Douglas: One derivative work I don't know much about is a movie—for some reason nobody has tried to make any of my books into one. That looks like a low probability/high value incentive. My guess is that the expected value is still low, but I could be wrong.

Tom W. Bell said...


You might find this interesting: the Mercatus Center has agreed to publish "Intellectual Privilege" under (what I call) the Founder's Copyright--not just the 28 year maximum term under the 1790 Act but also its substantive terms. Among other consequences, that means the copyright won't bar derivative works.

Patrick said...

For the compiler, I agree, though I suspect prosecution may be impractical, since file transfer is relatively public but compilation is private. As for the people sending the pieces, if sending a small fraction of a file constitutes contributory infringement, why not just make that fraction the cutoff for ordinary infringement (and scale the damages proportionally)?
I am usually loath to support ambiguous fair use rules, but perhaps it could work in conjunction with your bright line rule: let 1/4 (or whatever) be the dividing line for a rebuttable presumption of fair use. Anything smaller than 1/4 of a work is presumed to be fair use, but the copyright owner can present evidence that the pieces are intended only to be reassembled to overcome the presumption. Likewise, anything greater than 1/4 is presumed to be infringing, but the defendant can still argue that his use is fair under the ordinary rules we already have, or (hopefully) better ones.

Rohan said...

So under your proposal, J.K. Rowling writes the first Harry Potter book and it proves to be a major success. Then any movie studio can immediately make a movie of the book without paying Ms. Rowling. And any company can immediately churn out sequels to Harry Potter without Ms. Rowling's approval.

I dunno. I don't see that as fair to the author. I'm not even objecting on monetary grounds, but rather artistic ones. It's her creation, her world, and I think giving her artistic control over that world is the right thing to do.

Patrick said...

I'm not sure I agree, at least with respect to sequels. Why should only J.K. Rowling have a right to publish Harry Potter sequels? If others write sequels, the work producing them is entirely theirs. If J.K. Rowling writes better sequels, then she will still find a market for what she writes. And any sequel someone else writes still earns J.K. Rowling money, since a reader will want to buy the original book to have a basis from which to understand the sequel. Indeed, in reality, J.K. Rowling freely allows fanfiction to be written, even though she could try to sue to suppress it. Presumably, this is at least in part because these fan-written sequels increase the market for the works she has written.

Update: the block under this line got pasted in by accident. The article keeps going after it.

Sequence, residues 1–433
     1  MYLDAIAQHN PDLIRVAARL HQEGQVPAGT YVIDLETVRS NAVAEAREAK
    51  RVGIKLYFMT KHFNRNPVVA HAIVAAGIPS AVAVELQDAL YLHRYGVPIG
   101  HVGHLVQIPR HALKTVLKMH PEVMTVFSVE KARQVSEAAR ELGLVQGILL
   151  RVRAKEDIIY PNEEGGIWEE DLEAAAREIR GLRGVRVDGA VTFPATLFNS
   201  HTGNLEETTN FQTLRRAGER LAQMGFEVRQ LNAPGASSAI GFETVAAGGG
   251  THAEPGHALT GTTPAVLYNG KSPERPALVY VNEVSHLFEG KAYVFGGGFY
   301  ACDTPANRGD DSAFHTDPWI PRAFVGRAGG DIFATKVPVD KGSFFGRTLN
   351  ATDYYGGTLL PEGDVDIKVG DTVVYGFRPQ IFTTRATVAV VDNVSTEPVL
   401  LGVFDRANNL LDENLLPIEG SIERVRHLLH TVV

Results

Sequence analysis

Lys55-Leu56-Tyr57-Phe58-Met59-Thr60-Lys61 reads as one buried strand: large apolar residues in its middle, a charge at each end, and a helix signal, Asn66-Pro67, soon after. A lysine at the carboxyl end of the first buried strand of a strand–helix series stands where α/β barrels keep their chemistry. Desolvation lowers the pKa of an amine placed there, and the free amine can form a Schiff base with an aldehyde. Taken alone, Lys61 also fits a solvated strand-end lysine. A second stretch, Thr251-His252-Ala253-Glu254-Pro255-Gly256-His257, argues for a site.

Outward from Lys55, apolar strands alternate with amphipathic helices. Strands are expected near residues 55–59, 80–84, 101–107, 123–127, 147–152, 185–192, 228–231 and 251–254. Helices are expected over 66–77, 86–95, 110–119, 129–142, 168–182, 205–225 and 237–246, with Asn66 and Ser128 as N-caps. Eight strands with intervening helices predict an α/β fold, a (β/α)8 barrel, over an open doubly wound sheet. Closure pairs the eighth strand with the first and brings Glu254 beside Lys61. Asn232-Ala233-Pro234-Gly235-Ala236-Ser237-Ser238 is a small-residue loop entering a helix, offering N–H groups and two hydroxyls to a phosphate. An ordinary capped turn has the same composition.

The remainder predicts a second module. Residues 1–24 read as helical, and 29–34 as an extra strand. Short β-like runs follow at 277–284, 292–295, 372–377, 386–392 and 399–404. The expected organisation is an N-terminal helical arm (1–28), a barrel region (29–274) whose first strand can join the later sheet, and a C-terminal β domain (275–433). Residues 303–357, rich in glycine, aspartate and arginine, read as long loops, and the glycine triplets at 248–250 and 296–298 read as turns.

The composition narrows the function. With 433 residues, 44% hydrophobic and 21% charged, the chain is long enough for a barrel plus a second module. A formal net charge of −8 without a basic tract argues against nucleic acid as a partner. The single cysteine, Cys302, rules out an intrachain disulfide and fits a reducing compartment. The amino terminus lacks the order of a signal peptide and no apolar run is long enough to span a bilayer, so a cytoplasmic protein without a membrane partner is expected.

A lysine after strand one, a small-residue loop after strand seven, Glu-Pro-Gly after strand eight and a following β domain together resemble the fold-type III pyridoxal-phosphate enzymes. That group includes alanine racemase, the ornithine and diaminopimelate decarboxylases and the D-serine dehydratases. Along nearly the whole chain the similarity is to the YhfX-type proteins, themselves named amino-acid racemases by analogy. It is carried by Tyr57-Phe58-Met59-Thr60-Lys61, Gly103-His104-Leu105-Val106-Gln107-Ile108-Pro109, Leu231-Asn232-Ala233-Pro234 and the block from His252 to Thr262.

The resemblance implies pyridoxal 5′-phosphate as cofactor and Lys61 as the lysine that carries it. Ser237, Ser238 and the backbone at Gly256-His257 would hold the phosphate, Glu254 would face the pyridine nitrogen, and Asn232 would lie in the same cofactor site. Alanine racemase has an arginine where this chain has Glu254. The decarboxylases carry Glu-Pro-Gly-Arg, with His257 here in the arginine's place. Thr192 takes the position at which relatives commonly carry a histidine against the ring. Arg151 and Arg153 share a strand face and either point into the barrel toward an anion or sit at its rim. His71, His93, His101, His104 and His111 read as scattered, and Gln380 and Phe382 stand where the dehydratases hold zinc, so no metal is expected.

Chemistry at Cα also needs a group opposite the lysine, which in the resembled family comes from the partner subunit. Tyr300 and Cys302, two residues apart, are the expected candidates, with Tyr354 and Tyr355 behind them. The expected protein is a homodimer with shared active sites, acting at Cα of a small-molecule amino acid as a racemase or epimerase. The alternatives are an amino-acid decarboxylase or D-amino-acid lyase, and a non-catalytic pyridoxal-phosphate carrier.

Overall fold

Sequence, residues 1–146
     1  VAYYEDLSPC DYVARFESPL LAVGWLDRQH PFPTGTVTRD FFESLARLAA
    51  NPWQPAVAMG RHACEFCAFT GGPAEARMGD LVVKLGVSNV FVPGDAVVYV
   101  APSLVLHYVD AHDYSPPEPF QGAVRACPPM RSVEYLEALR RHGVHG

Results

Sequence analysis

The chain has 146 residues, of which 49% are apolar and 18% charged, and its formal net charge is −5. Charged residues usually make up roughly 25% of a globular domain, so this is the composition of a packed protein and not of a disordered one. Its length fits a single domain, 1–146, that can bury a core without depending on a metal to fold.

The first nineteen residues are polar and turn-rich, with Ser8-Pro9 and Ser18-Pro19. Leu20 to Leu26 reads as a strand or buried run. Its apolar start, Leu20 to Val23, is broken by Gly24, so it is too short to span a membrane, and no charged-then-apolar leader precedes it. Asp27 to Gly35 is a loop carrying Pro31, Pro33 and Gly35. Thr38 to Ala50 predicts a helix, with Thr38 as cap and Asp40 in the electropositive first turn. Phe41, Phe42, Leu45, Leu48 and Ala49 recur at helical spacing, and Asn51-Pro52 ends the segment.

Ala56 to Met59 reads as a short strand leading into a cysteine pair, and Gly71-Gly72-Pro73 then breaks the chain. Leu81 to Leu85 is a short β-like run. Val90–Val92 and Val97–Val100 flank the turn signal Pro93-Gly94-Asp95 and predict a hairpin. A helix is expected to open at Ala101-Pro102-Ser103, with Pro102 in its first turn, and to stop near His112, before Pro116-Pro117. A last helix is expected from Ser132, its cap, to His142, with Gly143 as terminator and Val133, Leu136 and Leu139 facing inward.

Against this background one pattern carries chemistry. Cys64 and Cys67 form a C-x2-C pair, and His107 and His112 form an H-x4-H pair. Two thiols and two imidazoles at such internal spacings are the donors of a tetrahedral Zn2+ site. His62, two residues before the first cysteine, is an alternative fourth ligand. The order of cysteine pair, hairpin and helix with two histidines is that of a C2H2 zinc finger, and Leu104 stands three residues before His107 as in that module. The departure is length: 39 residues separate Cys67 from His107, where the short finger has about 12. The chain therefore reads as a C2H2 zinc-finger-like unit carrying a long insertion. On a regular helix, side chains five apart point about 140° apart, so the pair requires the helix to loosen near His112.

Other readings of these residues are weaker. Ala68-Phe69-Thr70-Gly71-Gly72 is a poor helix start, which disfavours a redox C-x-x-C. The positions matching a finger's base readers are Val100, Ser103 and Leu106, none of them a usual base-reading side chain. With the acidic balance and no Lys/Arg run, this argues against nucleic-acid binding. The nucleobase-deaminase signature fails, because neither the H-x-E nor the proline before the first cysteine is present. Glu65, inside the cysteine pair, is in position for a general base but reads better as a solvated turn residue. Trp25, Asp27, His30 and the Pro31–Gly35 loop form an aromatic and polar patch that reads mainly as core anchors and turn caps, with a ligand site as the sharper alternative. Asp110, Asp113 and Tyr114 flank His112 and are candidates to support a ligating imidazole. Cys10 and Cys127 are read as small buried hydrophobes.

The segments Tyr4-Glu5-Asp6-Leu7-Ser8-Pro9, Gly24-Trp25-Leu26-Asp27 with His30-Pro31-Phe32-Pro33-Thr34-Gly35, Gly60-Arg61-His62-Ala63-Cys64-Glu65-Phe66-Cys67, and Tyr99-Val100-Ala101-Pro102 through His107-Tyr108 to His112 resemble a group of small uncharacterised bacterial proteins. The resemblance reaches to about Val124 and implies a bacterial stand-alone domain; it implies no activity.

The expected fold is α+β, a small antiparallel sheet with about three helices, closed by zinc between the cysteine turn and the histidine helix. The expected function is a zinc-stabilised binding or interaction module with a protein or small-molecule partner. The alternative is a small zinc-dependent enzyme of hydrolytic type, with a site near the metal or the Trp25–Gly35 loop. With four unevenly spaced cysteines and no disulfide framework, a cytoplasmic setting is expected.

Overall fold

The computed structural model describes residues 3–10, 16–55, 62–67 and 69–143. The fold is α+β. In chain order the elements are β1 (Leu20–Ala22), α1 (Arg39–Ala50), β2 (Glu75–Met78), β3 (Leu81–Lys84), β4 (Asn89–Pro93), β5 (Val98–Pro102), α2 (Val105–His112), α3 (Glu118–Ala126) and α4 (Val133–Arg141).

David Friedman said...


I don't think current copyright is very enforceable for digital IP against individual copiers, so the fact that my version isn't is not something special about it.

Re Rowlign: I would be unhappy at someone else writing a story in either of my fictional worlds (Harald or Salamander), especially if things were done with my characters, but I see that as the sort of restriction to be enforced by social pressure, not law.

SturdyLogic said...

"So under your proposal, J.K. Rowling writes the first Harry Potter book and it proves to be a major success. Then any movie studio can immediately make a movie of the book without paying Ms. Rowling. And any company can immediately churn out sequels to Harry Potter without Ms. Rowling's approval"

In film it's common to sell sequel rights to studios and other strategic buyers. Given that most artists are not well versed in law or economics, I wonder if it makes sense to sell sequel rights immediately upon completion of the first work to a company which specializes in monitoring copyright infringement. This sale, combined with a private contract with the right to buy-back the sequel rights at anytime, will ensure a superior monitoring mechanism and essentially a temporary loan of rights. The execution of this transaction would depend on the probability of infringement, the reputation of the monitoring company, and the future expected value of the sequel rights buy-back.

In cases where the probability of infringement is high and a derivative work is likely to materialize, the expected value for the future buy-back will be high and the artist will pay this cost for copyright infringement protection (albeit imperfect).

NeedleFactory said...

I suspect that deciding if an alleged copy of a give original contains a literal copy of at least 1/4 of a work is an NP-hard problem.

Remember Reader's Digest "condensed" versions of books? If their length is less than 1/4 the length of the original (say. 0.2490%), they would be legal?

Worse, a good "translator" could translate, say, an English book into English. Start by changing character names, locations, and then dozens of other things, including transpositions. If the translator is "very good", the copy could be "better" than the original and also "pass the 1/4 test."

How to tell if an alleged copy of a particular original "passes the 1/4 test"? Any translator worth their salt can make a copy where no linear quarter is a literal copy. How can we turn this “1/4 insight” into a clear yes/no answer for a court of law? I doubt we can.

David Friedman said...

A condensed book might be legal under my rule--but I doubt they represent a significant fraction of author revenue. For the more general problem, if identical sentences add up to more than 1/4, that should do it. I didn't require that the 1/4 be all in one continuous passage.

Jonathan said...

I'm looking forward to seeing The machinery of freedom or Hidden order as an animated film with talking animals.

David Friedman said...


As you may know, a video of one of my talks already exists with illustrations done by someone I have never met who did not consult me.

It's great.

Jonathan said...

I'm sorry, I didn't know; and you've modestly omitted a link to the video...